A Galamsey site
Chinese government is to offer grant for Ghana’s alternative livelihood programme for illegal miners.
Illegal mining (galamsey) is threatening the country’s water bodies and environment. The Chinese government is willing to give Ghana a grant to fund its intended multilateral mining integrated project, which seeks to sanitise the small-scale mining sector.
An initial amount of about $10 million is needed to be able to roll out the programme, and according to the Project Coordinator, Dr. Isaac Karikari, the Chinese government has indicated its readiness to offer government a grant for it (programme).
The multilateral mining integrated project will be a holistic approach to combat illegal mining and will be around the application of technology and enforcement of the law as well as supervision.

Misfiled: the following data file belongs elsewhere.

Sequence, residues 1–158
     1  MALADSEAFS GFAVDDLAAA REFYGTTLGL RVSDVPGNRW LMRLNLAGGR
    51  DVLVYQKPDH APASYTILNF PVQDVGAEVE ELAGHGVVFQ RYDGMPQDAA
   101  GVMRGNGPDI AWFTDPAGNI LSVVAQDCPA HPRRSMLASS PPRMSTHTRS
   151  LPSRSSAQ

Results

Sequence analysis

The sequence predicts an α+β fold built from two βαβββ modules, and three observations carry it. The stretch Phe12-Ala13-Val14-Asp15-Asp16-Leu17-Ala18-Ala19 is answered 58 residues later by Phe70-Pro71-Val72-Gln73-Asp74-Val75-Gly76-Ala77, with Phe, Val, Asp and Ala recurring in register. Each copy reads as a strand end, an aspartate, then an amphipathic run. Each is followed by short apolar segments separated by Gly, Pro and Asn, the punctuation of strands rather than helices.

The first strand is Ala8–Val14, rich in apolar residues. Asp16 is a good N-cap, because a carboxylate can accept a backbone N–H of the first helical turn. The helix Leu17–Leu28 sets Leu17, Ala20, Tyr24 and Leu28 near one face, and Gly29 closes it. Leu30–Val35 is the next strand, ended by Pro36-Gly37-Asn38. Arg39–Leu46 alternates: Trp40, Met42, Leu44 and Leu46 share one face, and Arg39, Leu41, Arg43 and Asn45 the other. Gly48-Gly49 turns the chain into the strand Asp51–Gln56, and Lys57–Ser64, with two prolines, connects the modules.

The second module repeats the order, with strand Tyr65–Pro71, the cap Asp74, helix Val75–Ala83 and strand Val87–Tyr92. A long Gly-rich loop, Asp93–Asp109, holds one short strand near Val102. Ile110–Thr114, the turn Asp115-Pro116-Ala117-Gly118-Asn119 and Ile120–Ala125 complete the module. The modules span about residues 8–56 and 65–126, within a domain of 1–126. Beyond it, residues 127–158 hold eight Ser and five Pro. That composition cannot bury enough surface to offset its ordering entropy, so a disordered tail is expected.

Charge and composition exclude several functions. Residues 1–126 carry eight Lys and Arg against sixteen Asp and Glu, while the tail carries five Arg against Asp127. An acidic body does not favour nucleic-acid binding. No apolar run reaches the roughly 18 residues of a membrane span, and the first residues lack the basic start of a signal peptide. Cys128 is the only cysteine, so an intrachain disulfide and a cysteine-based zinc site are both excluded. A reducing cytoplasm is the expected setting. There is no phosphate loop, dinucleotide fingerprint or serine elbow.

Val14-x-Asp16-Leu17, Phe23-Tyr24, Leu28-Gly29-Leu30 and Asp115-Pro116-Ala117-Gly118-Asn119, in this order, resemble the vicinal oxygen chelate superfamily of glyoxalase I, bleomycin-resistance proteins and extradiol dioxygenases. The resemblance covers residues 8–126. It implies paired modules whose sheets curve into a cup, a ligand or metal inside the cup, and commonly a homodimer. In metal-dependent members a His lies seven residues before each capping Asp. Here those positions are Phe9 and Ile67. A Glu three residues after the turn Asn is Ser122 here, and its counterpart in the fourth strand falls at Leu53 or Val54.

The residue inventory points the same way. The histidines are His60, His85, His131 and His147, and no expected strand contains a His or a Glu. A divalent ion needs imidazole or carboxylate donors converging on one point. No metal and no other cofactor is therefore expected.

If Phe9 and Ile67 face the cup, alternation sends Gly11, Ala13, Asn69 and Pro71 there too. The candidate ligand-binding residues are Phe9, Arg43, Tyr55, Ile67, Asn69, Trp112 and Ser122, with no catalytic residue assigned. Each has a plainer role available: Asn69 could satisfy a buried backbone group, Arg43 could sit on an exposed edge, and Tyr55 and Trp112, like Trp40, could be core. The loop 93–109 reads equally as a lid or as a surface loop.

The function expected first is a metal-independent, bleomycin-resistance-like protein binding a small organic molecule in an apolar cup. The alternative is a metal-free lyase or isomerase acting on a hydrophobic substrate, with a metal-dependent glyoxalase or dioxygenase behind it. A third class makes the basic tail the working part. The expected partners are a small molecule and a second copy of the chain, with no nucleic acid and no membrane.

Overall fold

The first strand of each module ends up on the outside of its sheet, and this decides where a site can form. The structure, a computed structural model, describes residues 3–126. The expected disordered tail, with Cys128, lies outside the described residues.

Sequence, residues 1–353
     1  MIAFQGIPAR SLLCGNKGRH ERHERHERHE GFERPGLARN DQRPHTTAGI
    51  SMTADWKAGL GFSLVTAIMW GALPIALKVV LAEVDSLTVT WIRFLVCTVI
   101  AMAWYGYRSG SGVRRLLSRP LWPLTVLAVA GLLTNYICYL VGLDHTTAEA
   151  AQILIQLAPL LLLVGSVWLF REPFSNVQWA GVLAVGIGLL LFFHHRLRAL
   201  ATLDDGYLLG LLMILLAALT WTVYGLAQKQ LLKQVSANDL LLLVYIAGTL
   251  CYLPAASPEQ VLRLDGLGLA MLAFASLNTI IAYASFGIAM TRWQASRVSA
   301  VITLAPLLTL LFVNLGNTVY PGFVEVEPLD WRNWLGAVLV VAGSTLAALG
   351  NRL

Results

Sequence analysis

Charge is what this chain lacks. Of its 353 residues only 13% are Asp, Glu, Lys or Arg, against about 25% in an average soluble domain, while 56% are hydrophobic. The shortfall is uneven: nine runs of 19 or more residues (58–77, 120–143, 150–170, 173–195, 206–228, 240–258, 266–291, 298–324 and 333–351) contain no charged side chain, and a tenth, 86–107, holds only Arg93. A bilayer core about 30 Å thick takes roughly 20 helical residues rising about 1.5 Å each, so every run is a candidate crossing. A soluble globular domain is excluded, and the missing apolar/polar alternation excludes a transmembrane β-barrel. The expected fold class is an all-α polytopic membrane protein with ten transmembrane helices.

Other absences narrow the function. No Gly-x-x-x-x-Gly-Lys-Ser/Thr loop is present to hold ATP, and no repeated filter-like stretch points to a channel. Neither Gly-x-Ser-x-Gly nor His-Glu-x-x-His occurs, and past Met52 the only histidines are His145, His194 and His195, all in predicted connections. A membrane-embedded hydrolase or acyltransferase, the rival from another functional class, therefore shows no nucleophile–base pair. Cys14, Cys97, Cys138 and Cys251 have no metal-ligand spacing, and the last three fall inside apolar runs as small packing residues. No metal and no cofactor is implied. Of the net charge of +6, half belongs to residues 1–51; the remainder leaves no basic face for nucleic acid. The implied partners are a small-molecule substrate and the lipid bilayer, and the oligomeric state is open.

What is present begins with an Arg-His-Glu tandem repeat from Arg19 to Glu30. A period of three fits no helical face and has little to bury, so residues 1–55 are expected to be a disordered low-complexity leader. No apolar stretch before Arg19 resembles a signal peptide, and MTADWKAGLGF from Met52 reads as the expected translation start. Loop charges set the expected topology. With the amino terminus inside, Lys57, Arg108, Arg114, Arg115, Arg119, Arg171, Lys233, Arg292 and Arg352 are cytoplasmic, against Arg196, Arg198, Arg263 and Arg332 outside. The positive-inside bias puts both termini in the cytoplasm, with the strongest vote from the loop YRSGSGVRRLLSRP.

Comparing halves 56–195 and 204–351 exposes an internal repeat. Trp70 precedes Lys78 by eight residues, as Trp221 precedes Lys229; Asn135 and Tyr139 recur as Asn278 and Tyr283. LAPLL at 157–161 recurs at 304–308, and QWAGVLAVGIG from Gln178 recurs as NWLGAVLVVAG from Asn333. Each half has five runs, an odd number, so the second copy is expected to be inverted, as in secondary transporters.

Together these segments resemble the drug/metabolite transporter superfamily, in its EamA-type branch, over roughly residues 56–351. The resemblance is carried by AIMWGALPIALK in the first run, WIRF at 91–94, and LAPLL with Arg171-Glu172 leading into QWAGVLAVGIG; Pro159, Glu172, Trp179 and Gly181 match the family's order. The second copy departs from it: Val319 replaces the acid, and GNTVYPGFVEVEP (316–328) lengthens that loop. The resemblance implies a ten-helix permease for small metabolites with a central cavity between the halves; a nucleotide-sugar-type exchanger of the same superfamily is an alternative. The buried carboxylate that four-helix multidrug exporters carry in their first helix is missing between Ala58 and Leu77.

It is an alternative livelihood programme for illegal miners, whose activities have polluted water bodies, depleted vast forest covers and destroyed farmlands, among other natural resources across the country.
Currently, government has initiated steps to clamp down on illegal mining.
The five-year project, which is yet to be approved by cabinet, was top on the issues discussed during a meeting by departmental heads of the Ministry of Lands and Natural Resources at Aburi in the Eastern Region.
Dr Karikari admitted it would be difficult to be executed but was confident it would be the best way to sanitise the sector.
Meanwhile, following a meeting with an Ivorian delegation a few days ago, a deputy minister for Lands and Natural Resources, Benito Owusu Bio, says a team has been set up from both countries to ascertain the extent at which illegal mining is destroying water bodies in Ivory Coast. TV3